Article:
President Vladimir Putin offered the first face-to-face talks with Barack Obama since pro-Russian separatists unleashed an insurgency that’s claimed almost 200 lives in Ukraine.
The Russian leader, who rejected accusations his military is present in Ukraine, said he’s ready to meet Obama this week in France during 70th anniversary commemorations of the allied landings in the north of the country in World War II. Meanwhile, Obama met Ukrainian President-elect Petro Poroshenko in Warsaw, where he pledged to step up non-lethal military aid.
“That’s his choice -- I’m ready for dialogue,” Putin said, according to an excerpt of an interview with French radio Europe 1 and the TF1 television channel posted today on Europe 1’s website. “I hope this isn’t a new phase of the Cold War.”
The White House repeated that there are no plans for the U.S. president to have a separate meeting with Putin, while not ruling out the possibility. French President Francois Hollande, German Chancellor Angela Merkel and U.K. Prime Minister David Cameron all have scheduled meetings with Putin while in France.
The U.S. and the European Union are at odds with Russia over Ukraine, where the government is reinforcing the nation’s borders to stem an influx of fighters into its easternmost regions. Poroshenko, who’ll be inaugurated on June 7, has said he’ll bolster a military operation to counter the separatist groups that control swathes of the Donetsk and Luhansk regions.
Ukraine’s hryvnia, this year’s worst-performing currency against the dollar with a 31 percent drop, was 0.2 percent stronger at 5 p.m. in Kiev. Russia’s benchmark stock index rose for a third day, adding 0.1 percent.
Putin called on Ukraine’s government to engage its opponents through negotiations rather than “tanks and planes.” He said Russia has no intention of annexing its neighbor’s territory after absorbing the Black Sea Crimean peninsula in March, a move the U.S. and the EU consider illegal.
In Warsaw, billionaire chocolate magnate Poroshenko told reporters he’s committed to a “peaceful” process, while Obama pledged to step up non-lethal military aid to Ukraine, including body armor and night-vision goggles. A banner proclaiming “Solidarity with Ukraine” and Ukrainian flags were on display among the crowds in the Polish capital.
“The United States is absolutely committed to standing behind the Ukrainian people and their aspirations,” said Obama, who yesterday warned Russia against further “provocation.” Obama said he’s been “deeply impressed” by Poroshenko’s vision and experience as a businessman.
The U.S. leader, who began a four-day European trip yesterday, says Putin needs to use his influence with the rebels to convince them to stop attacking Ukrainian forces, free seized buildings and lay down arms. Russia says the U.S. and the EU should persuade Ukraine to call off its military campaign.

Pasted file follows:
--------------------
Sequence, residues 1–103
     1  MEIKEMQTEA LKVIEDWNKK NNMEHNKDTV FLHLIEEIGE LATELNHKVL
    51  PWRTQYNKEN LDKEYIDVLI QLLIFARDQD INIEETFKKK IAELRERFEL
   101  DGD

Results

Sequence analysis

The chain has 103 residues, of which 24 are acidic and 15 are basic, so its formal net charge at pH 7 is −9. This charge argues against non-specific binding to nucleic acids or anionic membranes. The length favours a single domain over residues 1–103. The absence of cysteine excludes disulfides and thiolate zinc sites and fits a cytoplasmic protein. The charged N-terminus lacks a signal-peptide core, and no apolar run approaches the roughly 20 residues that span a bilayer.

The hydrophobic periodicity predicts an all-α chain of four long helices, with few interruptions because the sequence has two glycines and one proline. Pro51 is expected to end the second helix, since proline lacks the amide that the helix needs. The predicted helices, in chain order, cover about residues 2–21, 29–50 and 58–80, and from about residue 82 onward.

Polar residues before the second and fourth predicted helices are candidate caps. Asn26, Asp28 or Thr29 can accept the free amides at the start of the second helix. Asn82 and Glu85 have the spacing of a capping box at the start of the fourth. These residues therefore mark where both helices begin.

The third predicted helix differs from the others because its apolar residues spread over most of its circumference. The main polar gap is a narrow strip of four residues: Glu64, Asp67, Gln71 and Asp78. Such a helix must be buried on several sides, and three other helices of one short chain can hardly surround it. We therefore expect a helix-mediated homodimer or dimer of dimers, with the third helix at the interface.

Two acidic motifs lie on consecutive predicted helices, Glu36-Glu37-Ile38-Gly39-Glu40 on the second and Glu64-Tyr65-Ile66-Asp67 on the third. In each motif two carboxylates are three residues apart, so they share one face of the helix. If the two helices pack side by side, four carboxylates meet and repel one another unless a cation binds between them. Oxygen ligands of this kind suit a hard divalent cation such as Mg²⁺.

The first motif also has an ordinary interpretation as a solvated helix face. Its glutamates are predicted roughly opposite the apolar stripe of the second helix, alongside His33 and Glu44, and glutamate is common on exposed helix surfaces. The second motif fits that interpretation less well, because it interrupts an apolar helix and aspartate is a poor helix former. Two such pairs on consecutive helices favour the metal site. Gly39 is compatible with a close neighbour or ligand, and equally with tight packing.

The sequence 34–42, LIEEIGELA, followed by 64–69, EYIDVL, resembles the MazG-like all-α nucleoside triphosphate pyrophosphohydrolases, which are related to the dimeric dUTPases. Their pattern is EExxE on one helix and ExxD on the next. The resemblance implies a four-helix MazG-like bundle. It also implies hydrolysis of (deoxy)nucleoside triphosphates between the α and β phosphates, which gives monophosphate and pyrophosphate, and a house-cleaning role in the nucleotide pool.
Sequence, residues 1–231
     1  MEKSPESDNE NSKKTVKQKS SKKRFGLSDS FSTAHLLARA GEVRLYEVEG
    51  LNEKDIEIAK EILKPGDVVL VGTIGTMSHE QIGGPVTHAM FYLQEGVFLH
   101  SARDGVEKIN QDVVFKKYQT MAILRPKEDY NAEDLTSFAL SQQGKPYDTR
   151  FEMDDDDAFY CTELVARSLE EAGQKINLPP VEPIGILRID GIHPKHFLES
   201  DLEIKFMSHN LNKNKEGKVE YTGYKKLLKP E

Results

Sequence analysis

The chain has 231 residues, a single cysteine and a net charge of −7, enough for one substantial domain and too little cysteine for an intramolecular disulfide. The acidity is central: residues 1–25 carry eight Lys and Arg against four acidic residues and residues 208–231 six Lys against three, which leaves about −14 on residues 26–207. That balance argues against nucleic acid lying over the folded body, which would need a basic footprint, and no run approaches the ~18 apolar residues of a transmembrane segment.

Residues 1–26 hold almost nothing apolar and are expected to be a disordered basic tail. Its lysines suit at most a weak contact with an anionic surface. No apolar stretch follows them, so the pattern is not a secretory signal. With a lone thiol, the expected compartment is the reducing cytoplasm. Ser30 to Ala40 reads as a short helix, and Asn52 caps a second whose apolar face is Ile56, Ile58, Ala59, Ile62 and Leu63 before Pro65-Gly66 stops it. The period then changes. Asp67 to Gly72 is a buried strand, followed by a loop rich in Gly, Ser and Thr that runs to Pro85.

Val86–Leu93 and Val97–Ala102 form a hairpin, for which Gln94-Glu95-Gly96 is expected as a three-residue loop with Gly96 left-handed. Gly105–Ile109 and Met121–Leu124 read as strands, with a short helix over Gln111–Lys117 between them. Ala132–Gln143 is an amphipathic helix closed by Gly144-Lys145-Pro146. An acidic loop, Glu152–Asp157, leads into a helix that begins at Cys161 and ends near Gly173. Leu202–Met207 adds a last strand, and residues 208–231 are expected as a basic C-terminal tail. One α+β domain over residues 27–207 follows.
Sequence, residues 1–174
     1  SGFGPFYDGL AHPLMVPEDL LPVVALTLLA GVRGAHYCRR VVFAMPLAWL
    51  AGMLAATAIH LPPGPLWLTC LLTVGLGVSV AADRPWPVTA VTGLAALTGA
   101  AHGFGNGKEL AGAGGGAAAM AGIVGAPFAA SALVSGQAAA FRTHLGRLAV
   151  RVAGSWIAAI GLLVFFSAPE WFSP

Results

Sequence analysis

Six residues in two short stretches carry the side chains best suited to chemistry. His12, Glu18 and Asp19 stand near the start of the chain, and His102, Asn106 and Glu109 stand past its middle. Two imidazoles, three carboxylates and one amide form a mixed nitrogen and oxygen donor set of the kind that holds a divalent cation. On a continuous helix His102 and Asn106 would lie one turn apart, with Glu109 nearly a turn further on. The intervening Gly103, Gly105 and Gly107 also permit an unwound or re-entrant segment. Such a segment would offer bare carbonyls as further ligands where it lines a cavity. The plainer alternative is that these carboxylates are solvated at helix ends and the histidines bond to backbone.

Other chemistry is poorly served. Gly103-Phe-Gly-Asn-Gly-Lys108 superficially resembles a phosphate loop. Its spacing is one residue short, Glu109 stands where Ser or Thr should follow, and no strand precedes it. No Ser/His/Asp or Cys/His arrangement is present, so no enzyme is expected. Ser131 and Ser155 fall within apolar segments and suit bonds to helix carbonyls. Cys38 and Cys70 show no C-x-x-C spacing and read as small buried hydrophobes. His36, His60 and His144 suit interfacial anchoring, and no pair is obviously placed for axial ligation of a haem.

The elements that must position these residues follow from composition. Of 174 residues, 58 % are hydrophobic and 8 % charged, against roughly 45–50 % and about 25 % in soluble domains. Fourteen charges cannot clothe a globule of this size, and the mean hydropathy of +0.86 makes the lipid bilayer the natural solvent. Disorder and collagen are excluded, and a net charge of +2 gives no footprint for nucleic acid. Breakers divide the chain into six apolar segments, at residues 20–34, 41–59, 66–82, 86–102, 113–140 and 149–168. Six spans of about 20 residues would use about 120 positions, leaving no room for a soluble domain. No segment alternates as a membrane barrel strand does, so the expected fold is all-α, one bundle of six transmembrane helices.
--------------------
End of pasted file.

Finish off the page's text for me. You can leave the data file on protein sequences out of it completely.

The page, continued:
Ben Rhodes, White House deputy national security adviser, said Obama, who arrived in Brussels this afternoon, wants to discuss with Hollande, Merkel and Cameron, what they’ll be telling Putin. “We all have to speak with one voice” and “we should be aligned in our support for Ukraine” and in urging Russia to cease support for separatists, he said.
In Ukraine’s troubled east, the National Guard said one of its units was attacked in Luhansk overnight in a 10-hour fight that involved machine guns, mortars and grenade launchers. Six militants were killed, it said on its website.
Insurgents killed two soldiers, wounded at least 42 more and shot down two helicopters in the mainly Russian-speaking eastern regions yesterday, Vladyslav Seleznyov, a military spokesman, said by phone. A large number of rebels were killed in Luhansk, acting President Oleksandr Turchynov said, ordering the cabinet to consider imposing martial law.
Turchynov arrived in the eastern city of Slovyansk today to help coordinate the military operation. Ukraine said yesterday that it’s deploying heavy weaponry and armored vehicles to strengthen its border with Russia.
At least 181 people have been killed since unrest broke out in eastern Ukraine, Prosecutor General Oleh Makhnitsky said in Kiev. That includes 59 soldiers, one of them a general whose helicopter was shot down by militants on May 29. Another 293 people have been wounded and 220 kidnapped, he said.
Putin said yesterday during a meeting with his human-rights ombudsman, Ella Pamfilova, that he supports the creation of a “humanitarian corridor” to allow Russian aid to reach people in Ukraine affected by the fighting.
Russia still has thousands of troops on Ukraine’s border, even after a partial pullback, North Atlantic Treaty Organization Secretary General Anders Fogh Rasmussen said yesterday before a two-day meeting of defense ministers.
“There has been steady pressure to destabilize and undermine the government in Kiev and challenges to Ukrainian armed forces as they attempt to bring order,” U.S. Air Force General Philip Breedlove, NATO’s top military commander, told reporters today in Brussels.
Obama announced a $1 billion fund yesterday to bolster military training and assistance for NATO allies near Russia. The U.S. will position more equipment in Europe and strengthen partnerships with allies such as Ukraine, Moldova and Georgia that aren’t part of the alliance, he said.
Obama’s trip offers a series of venues for possible talks on the Ukrainian conflict. He’ll meet other Group of Seven leaders in Brussels starting today, though they won’t decide on further steps to sanction Russia during the talks, according to a German official speaking on condition of anonymity.
The U.S. president will also attend a dinner with Francois Hollande June 5, the same day the French president hosts Putin, before they travel on to the D-Day commemorations in Normandy on June 6. Vice President Joe Biden is due to attend Poroshenko’s inauguration in Kiev, according to the White House.
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